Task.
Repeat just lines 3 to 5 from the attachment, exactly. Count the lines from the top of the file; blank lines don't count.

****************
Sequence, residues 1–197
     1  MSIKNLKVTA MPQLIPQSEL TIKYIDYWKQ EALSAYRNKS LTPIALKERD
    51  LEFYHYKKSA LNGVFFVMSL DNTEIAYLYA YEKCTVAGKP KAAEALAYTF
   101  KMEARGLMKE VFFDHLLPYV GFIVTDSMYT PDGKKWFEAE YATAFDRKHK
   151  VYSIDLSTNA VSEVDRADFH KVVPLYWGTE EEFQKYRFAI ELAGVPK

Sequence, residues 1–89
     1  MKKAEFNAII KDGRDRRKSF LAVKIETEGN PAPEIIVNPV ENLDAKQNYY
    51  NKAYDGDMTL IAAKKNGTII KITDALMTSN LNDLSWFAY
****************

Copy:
    51  LEFYHYKKSA LNGVFFVMSL DNTEIAYLYA YEKCTVAGKP KAAEALAYTF
   101  KMEARGLMKE VFFDHLLPYV GFIVTDSMYT PDGKKWFEAE YATAFDRKHK
   151  VYSIDLSTNA VSEVDRADFH KVVPLYWGTE EEFQKYRFAI ELAGVPK